The brevity of John Marshall’s association with Wiseman, and its premature truncation when Marshall withdrew from the project, indicate how tenaciously Wiseman has held to his control of the shape of his films, as he has later with their distribution and his public reputation. Although that first relationship ended in misunderstanding and some ill feeling, it appears that Wiseman’s work with his other cinematographers has been congenial on both sides. Each of them, starting with a grounded understanding of what is in general meant by “direct cinema” or cinéma vérité, working side by side during the filming, and seeing over a long association what Wiseman as editor was doing as he shaped the material, was able to provide Wiseman with consistently distinguished camera work. Each of the cinematographers had his own observational, technical, and artistic skills, and each helped shape the films that Frederick Wiseman made of the hours of material they recorded and adapted his own work to Wiseman’s editing style.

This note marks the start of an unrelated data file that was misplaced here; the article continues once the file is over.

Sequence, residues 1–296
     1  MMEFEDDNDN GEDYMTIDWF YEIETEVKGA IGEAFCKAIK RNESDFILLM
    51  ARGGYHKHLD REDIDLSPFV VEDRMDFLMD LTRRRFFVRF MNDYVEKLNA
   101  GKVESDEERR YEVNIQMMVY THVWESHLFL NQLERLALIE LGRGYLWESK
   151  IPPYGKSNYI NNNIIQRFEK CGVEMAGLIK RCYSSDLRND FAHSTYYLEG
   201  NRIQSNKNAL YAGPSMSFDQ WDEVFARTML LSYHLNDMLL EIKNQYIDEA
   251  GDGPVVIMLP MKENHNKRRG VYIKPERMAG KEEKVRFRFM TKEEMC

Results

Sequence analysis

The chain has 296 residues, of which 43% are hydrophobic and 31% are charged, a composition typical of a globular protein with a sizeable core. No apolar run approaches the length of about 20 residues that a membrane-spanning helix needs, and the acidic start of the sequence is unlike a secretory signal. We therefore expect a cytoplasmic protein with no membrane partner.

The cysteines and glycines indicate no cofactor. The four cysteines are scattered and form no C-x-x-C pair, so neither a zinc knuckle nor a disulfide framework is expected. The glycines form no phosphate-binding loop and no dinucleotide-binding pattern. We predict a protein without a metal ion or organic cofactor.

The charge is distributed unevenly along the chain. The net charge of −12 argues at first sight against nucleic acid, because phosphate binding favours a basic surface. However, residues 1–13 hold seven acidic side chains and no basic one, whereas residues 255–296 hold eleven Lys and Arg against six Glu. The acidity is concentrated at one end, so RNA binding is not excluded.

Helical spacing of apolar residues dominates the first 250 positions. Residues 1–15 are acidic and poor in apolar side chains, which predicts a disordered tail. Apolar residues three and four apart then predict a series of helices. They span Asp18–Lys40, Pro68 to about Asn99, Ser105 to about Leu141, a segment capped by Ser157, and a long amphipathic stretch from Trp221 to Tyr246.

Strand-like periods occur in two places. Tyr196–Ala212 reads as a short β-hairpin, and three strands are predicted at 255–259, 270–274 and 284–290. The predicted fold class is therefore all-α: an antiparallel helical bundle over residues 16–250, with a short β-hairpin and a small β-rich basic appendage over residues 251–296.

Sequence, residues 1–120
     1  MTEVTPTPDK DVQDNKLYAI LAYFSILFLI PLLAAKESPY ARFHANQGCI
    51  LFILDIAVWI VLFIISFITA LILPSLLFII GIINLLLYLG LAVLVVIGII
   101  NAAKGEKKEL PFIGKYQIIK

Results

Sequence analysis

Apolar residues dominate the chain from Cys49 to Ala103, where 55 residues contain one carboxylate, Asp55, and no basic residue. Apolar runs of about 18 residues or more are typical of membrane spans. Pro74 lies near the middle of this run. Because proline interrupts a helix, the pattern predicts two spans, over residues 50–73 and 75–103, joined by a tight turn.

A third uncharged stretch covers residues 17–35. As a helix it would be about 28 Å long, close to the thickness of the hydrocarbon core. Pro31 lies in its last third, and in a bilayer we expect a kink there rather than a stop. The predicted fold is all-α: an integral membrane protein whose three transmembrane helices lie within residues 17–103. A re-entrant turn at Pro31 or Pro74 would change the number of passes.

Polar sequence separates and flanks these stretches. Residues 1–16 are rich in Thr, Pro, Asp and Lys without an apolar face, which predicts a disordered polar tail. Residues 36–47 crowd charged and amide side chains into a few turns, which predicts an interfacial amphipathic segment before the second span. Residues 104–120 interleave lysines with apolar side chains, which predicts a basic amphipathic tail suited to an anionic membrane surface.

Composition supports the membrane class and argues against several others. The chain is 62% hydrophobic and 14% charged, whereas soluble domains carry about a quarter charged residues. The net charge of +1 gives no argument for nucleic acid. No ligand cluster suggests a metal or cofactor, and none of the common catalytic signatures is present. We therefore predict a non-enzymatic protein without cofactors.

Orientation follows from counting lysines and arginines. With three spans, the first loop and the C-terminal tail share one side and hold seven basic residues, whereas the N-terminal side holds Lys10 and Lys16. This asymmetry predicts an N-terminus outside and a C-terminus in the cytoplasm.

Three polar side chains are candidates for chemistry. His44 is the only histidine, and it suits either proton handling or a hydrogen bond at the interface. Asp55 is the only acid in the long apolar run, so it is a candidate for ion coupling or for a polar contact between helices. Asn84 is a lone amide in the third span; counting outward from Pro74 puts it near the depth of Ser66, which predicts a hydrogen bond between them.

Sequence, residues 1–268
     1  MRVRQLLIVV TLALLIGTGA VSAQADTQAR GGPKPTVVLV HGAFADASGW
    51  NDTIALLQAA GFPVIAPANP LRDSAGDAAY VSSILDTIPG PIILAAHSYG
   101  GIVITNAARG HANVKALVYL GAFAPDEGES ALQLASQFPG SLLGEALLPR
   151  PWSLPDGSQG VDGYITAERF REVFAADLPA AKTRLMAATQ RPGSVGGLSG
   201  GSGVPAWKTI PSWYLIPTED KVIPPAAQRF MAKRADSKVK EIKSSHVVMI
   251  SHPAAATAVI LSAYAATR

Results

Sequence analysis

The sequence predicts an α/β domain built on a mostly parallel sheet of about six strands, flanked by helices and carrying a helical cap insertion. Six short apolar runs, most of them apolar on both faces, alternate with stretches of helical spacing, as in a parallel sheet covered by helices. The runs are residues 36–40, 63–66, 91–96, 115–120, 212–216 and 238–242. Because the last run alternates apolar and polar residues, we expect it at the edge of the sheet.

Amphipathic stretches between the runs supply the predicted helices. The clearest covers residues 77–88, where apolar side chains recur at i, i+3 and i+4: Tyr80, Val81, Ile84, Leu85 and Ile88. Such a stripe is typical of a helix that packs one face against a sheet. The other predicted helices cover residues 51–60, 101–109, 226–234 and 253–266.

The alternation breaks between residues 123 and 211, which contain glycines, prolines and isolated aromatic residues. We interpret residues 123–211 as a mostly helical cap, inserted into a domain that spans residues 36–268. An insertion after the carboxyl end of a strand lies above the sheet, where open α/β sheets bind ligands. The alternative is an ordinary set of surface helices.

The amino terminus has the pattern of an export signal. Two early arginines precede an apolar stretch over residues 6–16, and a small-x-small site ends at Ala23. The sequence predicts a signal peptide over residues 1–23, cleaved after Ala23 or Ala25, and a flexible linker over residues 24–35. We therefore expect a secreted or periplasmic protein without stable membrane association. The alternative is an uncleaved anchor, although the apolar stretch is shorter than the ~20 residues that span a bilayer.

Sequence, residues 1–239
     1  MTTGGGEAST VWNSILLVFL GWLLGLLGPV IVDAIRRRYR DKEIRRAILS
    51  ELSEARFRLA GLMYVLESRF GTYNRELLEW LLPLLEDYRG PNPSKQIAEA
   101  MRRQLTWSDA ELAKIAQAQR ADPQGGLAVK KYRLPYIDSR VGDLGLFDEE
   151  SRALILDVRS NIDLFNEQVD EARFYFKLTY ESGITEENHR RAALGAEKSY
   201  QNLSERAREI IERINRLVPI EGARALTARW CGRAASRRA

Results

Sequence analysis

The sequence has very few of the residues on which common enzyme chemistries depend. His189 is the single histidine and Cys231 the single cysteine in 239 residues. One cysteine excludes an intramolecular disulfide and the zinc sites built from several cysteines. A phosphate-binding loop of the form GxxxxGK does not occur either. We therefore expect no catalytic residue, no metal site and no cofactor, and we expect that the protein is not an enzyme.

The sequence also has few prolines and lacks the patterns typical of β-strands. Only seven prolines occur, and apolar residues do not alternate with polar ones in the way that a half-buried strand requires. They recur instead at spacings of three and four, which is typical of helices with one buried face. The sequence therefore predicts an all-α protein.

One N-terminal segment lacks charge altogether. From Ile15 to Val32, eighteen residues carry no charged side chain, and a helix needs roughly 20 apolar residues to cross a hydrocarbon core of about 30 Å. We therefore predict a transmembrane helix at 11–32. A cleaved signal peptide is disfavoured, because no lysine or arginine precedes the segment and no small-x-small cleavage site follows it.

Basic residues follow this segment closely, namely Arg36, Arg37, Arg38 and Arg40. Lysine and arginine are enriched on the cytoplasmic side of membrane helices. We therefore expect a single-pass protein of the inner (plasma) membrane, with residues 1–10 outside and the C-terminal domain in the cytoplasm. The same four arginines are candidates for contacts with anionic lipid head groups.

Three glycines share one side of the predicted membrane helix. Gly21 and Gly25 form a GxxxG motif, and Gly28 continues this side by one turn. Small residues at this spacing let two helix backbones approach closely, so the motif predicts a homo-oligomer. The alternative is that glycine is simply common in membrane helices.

In the end, perhaps, the films speak for themselves. Insofar as they are important artistic, sociological, and in the broadest sense political documents, inviting us to examine how we interact with each other and our institutions, they deserve close critical attention. But the films, and hence our responses, are partly shaped by other processes that in turn shaped the films. For this reason, we have thought it important, in our own work with Wiseman’s films, to engage in close textual analysis from a critical and cultural perspective, and also to inquire into the forces that shaped the films—from the process of seeking funding to negotiating with subjects, securing institutional consent to film, and navigating the artistic collaboration that goes into actual production.